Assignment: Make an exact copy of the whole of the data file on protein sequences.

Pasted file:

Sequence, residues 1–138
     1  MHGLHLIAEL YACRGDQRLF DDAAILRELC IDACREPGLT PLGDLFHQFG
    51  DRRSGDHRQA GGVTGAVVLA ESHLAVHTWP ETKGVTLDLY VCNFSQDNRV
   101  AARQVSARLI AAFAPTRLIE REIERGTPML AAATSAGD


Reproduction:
Sequence, residues 1–138
     1  MHGLHLIAEL YACRGDQRLF DDAAILRELC IDACREPGLT PLGDLFHQFG
    51  DRRSGDHRQA GGVTGAVVLA ESHLAVHTWP ETKGVTLDLY VCNFSQDNRV
   101  AARQVSARLI AAFAPTRLIE REIERGTPML AAATSAGD